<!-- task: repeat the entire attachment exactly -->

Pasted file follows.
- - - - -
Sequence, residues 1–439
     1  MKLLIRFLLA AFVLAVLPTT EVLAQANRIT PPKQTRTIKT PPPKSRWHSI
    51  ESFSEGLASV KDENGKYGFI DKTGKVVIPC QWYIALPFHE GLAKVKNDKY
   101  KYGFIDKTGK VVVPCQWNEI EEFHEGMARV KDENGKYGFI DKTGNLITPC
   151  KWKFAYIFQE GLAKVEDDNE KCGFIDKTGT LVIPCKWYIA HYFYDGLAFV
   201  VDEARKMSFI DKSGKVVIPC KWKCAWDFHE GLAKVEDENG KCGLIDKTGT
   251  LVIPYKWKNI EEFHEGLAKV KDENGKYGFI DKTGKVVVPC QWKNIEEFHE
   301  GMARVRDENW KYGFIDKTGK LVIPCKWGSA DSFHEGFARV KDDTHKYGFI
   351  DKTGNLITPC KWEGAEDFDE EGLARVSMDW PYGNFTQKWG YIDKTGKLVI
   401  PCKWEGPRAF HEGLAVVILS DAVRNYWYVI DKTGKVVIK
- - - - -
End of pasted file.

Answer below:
Sequence, residues 1–439
     1  MKLLIRFLLA AFVLAVLPTT EVLAQANRIT PPKQTRTIKT PPPKSRWHSI
    51  ESFSEGLASV KDENGKYGFI DKTGKVVIPC QWYIALPFHE GLAKVKNDKY
   101  KYGFIDKTGK VVVPCQWNEI EEFHEGMARV KDENGKYGFI DKTGNLITPC
   151  KWKFAYIFQE GLAKVEDDNE KCGFIDKTGT LVIPCKWYIA HYFYDGLAFV
   201  VDEARKMSFI DKSGKVVIPC KWKCAWDFHE GLAKVEDENG KCGLIDKTGT
   251  LVIPYKWKNI EEFHEGLAKV KDENGKYGFI DKTGKVVVPC QWKNIEEFHE
   301  GMARVRDENW KYGFIDKTGK LVIPCKWGSA DSFHEGFARV KDDTHKYGFI
   351  DKTGNLITPC KWEGAEDFDE EGLARVSMDW PYGNFTQKWG YIDKTGKLVI
   401  PCKWEGPRAF HEGLAVVILS DAVRNYWYVI DKTGKVVIK